Plump blueberries are welcome signs of summer. The season is in full swing by the time they’re ripe and ready, and even though that means it’s easily 100 degrees in the shade (and if you’ve read some of my other articles, you know how much I hate being hot), I still make at least two trips each June and July to my nearest u-pick farm and spend an hour or two in stifling heat filling white buckets with hundreds of the frosted-indigo fruit.
I go as early as I can to avoid the worst of the heat, but so does everyone else, so there’s usually a decent crowd. I don’t mind. I enjoy taking my time, wandering down the rows, making my way around branches hanging heavy with berries. I flit around, never picking any one bush clean; I get a few here, a few there, and keep moving. I listen to the other pickers around me. Some are silent, focused on their task, but parents and kids are usually chatting. Dads tell daughters which berries to pick, and moms guide little boy hands so they don’t pull the green ones off along with the ripe ones. It pulls up memories of my grandmother who showed me how to pick. She’d cup a berry bunch in her hand and jostle it just a bit, rolling the biggest ones with the deepest color gently between her index finger and thumb. They’d come off the stem with only minimal effort. “When they’re really ready, they don’t resist,” she’d say. “They let go.” That’s how I pick now. I never tug or yank.
While I listen and reminisce, I also try to remember to watch my step, since fire ants seem to like blueberries too and often build their red-dirt, mini-mountain homes in the sunny spots beyond the bushes’ perimeter of shade, which are right where you’re feet need to be when tending to a bush.
Despite usually leaving with a few bites, sunburned ears, and my shirt firmly sweat-stuck to my back, I also leave with gallons of blueberries, well worth any temporary discomfort. I eat at least half of them as they are, no cooking or additions needed. But below are two other ways to enjoy them.
If you go blueberry picking, go ahead and get a bunch. If you don’t think you can eat them all before they spoil, freeze them to use later. (See my trick below for keeping them in good shape.) Popping one of last summer’s berries between your teeth while chewing a bite of pancake in January instantly brightens a dreary winter day.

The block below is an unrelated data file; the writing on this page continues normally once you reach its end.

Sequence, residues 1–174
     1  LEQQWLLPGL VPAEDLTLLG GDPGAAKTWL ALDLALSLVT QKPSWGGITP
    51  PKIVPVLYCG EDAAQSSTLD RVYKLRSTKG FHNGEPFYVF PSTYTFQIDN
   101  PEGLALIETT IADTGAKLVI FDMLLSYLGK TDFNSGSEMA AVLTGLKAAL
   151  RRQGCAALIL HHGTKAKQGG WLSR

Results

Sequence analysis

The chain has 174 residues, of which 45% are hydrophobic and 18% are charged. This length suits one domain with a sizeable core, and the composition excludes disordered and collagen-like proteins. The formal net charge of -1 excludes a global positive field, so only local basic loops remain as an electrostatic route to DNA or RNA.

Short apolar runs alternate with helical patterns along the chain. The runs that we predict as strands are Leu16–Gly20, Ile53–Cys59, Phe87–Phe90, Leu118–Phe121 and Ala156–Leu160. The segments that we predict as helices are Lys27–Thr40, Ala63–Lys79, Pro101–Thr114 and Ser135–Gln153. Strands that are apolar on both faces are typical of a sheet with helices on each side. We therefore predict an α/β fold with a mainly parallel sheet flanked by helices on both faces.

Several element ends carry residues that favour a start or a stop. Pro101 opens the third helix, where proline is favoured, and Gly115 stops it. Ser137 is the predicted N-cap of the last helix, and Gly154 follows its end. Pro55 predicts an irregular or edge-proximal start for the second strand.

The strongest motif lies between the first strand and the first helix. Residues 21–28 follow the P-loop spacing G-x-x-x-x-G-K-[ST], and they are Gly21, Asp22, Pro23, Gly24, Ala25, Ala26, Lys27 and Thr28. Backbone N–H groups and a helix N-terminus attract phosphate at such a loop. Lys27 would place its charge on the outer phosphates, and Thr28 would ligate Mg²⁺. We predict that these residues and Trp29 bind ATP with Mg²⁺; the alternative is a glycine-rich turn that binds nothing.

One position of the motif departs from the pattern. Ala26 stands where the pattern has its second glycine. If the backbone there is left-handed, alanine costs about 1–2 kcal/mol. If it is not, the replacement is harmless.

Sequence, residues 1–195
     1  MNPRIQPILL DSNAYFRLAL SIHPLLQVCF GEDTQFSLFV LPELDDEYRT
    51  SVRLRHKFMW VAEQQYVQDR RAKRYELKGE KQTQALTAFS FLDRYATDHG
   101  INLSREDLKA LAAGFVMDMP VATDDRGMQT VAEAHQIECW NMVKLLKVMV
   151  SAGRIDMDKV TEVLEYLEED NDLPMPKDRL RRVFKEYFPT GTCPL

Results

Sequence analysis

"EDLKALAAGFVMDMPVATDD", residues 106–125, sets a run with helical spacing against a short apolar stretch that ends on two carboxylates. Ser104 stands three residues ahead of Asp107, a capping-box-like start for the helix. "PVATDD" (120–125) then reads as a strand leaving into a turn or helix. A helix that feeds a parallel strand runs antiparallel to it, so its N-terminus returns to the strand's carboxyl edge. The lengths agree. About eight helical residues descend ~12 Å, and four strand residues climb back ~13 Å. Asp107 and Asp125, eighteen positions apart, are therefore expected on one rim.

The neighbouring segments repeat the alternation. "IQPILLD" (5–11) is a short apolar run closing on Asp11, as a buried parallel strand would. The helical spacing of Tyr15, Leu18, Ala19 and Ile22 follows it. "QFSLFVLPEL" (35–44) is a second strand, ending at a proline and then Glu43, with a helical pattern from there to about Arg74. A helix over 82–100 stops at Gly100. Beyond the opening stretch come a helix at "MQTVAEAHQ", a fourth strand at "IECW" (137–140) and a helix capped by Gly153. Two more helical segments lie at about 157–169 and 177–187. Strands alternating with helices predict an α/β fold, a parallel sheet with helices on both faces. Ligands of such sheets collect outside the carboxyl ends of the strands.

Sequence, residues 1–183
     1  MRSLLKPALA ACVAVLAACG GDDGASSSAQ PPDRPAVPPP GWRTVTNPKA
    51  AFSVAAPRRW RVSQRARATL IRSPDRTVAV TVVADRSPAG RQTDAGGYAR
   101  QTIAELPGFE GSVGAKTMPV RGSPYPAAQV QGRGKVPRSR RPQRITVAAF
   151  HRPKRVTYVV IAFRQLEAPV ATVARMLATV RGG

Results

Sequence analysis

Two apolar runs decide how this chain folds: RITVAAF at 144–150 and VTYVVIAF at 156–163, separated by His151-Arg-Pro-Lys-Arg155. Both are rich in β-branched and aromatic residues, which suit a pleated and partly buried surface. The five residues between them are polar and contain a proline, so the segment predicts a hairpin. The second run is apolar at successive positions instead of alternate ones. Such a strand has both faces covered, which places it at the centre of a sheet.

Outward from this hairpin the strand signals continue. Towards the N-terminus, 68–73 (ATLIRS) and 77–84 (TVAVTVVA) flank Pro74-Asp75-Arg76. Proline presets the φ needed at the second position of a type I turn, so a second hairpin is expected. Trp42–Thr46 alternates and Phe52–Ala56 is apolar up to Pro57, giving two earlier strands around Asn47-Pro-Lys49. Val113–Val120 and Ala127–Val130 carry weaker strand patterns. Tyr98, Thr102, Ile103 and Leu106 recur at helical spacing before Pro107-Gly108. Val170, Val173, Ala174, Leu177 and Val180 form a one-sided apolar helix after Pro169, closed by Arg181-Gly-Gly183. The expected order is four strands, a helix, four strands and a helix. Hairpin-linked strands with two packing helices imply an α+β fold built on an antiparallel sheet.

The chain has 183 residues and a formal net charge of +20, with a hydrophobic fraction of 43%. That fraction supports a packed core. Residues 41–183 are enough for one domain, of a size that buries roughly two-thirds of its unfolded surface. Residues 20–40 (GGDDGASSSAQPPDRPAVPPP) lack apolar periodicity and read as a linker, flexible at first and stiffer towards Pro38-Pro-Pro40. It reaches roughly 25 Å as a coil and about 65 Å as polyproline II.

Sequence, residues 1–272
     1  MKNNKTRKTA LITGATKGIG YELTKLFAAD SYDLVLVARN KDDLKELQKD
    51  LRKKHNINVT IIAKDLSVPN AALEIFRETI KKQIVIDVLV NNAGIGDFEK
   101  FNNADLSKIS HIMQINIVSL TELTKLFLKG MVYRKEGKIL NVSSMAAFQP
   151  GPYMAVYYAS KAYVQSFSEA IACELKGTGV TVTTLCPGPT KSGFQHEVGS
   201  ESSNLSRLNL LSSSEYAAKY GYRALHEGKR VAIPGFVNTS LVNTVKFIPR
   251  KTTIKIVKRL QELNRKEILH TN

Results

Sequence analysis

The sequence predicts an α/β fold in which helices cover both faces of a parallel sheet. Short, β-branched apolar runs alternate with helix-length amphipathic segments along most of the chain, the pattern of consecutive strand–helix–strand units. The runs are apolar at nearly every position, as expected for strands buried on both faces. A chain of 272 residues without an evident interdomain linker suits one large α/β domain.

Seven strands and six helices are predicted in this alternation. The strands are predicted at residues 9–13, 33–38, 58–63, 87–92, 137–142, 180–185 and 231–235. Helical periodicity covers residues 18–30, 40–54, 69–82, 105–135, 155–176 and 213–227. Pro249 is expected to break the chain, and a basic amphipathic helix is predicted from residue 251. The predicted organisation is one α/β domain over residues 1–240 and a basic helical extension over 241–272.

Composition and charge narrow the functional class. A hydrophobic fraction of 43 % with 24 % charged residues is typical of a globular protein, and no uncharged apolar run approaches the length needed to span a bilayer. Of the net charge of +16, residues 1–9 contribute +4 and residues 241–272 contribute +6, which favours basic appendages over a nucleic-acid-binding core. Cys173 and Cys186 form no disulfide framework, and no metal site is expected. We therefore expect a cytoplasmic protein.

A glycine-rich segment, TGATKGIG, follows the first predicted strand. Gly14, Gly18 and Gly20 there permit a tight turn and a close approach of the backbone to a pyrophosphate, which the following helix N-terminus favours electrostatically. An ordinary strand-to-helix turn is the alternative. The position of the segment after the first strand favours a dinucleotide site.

BASIC BLUEBERRY SYRUP
Spoon this stuff on ice cream, pancakes, waffles, cornbread, whatever!
- 2 cups blueberries
- 5 teaspoons sugar
- ¼ cup water
Place berries in medium saucepan with sugar and water. Put on medium-high heat and simmer. Once the berries begin to break down, turn the heat back a bit and keep cooking until they start to thicken to a syrupy consistency. It should take about 10–15 minutes.
FREE-FORM BLUEBERRY TART
This rustic dessert is crazy easy, especially if you do like I do and use store-bought dough.
- One 10–12 inch circle of store-bought pie crust dough, thawed
- 1/2 cup granulated sugar
- 2 tablespoons cornstarch
- 4 cups blueberries
- 2 teaspoons lemon juice
- 1 tablespoon water
- 2 tablespoons blueberry jam (or use the basic blueberry syrup)
Heat the oven to 400 degrees and place a rack in the middle. Place dough circle on a piece of parchment paper and place on a baking sheet.
Mix berries and the rest of the ingredients (except the jam) together in a bowl. Pile the berry mixture in the center of the dough and leave a 2–3 inch border. Fold the edges of the dough over the edge of the blueberry pile, pinching the dough to seal up any cracks that happen as you fold.
Bake until dough is golden brown and berries are bubbling, about 40–45 minutes.
Melt the jam (or heat the syrup) in a small saucepan over low heat.
Let the tart cool for about 15 minutes, and right before serving, brush the berries with the jam.
Save ‘Em for Later
Blueberries freeze beautifully, if you do it right. Make sure the berries are clean and dry, and lay them in a single layer on a sheet pan. They can touch on the sides a bit but should not be jumbled up on top of each other. Place the pan in the freezer and freeze the berries solid (several hours). Then package the individually frozen berries in freezer-safe zip-top bags. Defrost as needed all fall and winter long to add summer’s sweetness to cereal, pancakes, muffins, pies, or whatever you like.